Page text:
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Autism Facts: What You Need to Know

Autism Facts: What You Need to Know

Autism is frequently mentioned in the media these days. As a parent, it is natural to wonder and even worry a little. What exactly is autism? Is it becoming more common? Is my child’s development typical? What should I do if I suspect my child is autistic? Rather than relying on potentially inaccurate online tests or assessments, you have options through your trusted primary care provider. Read on to learn more autism facts and information.

What is Autism?

Autism spectrum disorder (ASD) is a developmental condition that affects thinking, emotions, language and social interaction. It usually begins in childhood and is lifelong. Autistic disorder, pervasive developmental disorder not otherwise specified (PDD-NOS) and Asperger syndrome are various conditions under the nest of ASD. ASD is called a spectrum disorder because people with the condition have a wide range of abilities and difficulties.

According to the National Institute of Mental Health (NIMH), children and adults with ASD may behave, learn, communicate and relate to others differently than most other people. The symptoms and severity of ASD vary widely from person to person. Some people with ASD need a lot of help in daily life, while others function well on their own.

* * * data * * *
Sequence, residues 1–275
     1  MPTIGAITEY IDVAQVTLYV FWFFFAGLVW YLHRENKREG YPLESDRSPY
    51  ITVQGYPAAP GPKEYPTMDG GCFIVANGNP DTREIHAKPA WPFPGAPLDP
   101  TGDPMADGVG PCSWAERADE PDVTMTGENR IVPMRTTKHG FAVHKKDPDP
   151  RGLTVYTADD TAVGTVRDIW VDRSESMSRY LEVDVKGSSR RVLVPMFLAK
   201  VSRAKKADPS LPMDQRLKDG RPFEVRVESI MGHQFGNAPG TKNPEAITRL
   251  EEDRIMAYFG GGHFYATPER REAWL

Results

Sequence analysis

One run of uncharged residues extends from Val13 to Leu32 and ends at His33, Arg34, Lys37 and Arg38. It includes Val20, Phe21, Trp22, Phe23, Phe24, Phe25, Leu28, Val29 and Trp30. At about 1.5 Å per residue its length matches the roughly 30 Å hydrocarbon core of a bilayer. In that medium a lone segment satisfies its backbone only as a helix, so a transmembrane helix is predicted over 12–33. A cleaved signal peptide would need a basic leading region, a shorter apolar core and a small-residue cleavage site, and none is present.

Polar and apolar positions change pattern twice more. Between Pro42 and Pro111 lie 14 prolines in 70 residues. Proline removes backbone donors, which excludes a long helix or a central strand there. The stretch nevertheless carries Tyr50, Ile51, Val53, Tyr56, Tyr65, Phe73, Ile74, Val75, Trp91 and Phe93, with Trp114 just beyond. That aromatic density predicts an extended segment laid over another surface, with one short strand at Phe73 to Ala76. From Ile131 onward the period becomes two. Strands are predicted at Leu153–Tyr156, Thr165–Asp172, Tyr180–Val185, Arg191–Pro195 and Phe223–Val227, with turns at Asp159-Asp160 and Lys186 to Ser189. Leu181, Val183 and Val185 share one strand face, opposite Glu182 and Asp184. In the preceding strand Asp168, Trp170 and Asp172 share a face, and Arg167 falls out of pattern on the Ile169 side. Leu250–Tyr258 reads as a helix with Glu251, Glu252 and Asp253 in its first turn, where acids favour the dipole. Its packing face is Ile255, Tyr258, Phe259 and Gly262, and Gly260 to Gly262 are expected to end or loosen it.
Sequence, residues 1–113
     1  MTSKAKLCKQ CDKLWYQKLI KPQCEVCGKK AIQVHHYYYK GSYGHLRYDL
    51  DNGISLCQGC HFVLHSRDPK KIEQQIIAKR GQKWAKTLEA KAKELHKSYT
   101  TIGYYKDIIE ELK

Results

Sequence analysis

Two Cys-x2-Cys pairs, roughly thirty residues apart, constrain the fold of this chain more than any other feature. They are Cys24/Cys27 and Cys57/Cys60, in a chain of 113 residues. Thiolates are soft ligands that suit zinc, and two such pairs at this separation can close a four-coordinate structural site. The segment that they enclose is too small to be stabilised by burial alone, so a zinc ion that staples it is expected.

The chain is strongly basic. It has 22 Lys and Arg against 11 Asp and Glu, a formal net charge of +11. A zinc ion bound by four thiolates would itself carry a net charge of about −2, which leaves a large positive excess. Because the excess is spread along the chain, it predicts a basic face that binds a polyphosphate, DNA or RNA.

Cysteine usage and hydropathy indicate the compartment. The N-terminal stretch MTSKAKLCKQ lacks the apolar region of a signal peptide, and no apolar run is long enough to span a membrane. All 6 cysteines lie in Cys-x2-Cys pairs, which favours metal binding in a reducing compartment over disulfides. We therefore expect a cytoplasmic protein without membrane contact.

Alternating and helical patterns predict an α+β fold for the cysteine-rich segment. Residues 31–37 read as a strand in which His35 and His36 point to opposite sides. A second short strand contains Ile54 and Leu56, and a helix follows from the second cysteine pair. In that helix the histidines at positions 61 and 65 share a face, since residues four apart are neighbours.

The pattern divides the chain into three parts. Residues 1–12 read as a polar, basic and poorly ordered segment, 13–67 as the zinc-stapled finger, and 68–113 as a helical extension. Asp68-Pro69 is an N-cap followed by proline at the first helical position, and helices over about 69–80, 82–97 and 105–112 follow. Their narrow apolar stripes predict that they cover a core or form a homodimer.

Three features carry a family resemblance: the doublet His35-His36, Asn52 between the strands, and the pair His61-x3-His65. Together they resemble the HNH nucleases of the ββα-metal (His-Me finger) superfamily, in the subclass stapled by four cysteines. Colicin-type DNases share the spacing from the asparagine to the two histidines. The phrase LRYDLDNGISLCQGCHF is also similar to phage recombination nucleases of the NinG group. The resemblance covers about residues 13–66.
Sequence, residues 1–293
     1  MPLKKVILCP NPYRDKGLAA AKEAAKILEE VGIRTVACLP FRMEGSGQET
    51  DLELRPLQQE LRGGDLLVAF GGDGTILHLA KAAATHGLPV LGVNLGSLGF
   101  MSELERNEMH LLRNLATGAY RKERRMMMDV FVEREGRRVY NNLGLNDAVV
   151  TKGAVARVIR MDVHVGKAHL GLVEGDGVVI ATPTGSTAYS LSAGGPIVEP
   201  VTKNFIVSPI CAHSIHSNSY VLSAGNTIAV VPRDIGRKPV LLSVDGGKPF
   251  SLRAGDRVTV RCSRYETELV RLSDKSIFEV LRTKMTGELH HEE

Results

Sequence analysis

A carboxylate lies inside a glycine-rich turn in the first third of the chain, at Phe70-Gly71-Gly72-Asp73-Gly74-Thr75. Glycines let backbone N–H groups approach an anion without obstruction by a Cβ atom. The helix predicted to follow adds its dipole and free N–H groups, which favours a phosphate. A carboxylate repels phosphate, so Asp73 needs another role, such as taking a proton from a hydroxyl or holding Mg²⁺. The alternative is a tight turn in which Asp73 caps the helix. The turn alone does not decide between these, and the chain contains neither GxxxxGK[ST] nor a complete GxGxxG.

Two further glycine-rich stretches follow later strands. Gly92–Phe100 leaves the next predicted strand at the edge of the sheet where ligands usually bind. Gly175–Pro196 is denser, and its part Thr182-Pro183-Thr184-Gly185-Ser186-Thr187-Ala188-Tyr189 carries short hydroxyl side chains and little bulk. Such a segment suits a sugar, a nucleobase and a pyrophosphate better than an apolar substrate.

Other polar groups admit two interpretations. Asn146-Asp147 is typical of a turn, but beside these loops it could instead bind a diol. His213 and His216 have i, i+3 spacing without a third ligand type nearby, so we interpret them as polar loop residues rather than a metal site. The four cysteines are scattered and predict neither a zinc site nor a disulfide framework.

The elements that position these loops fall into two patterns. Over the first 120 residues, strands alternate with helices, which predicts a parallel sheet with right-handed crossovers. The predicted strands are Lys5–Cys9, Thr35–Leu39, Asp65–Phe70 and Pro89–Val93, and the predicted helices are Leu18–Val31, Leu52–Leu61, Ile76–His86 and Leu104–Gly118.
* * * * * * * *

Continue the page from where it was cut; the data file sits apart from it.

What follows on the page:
Autism Facts and Figures

In 2020, the Centers for Disease Control and Prevention’s Autism and Developmental Disabilities Monitoring (ADDM) Network reported that:

  • About 1 in 54 American children has been diagnosed with ASD
  • That figure indicates a nearly 10% increase in ASD prevalence since the 2018 report
  • ASD is four times more common in boys than girls
  • ASD occurs in all racial and ethnic groups, across all types of family situations

Early Signs of Autism

ASD involves a wide variety of difficulties with communication, social interaction, restricted interests, and repetitive behaviors. While some signs of ASD may be present in infancy, the most obvious generally appear by the time a child is 3 years old, and may include:

  • Avoiding eye contact
  • Being upset by small changes in order or routine
  • Delayed language development or loss of language skills
  • Difficulty recognizing own emotions
  • Having trouble understanding the thoughts and feelings of others
  • Intense focus on narrow interests
  • Not babbling, sharing sounds and gestures, or responding to name by 12 months
  • Not playing “pretend” games
  • Not pointing or looking as you point at interesting objects
  • Not reaching out to be touched or cuddled
  • Reacting in unusual ways to smells, tastes, noises, lights and textures
  • Repetitive motions such as rocking body, flapping hands or spinning in circles
  • Showing little in interest in other people

How is Autism Diagnosed?

puzzle in the shape of a heartThere is no medical test (such as an imaging scan or blood analysis) for ASD. To diagnose the disorders, doctors must observe a child’s development and behaviors.

Your primary care provider can do preliminary screening of your child for ASD and other developmental disorders during a well-child checkup, direct you to helpful resources and if needed, refer you to a specialist for further evaluation.

If you are concerned about your child’s development, schedule an appointment with your primary care provider. Can’t wait for an office appointment? Schedule a virtual care video visit.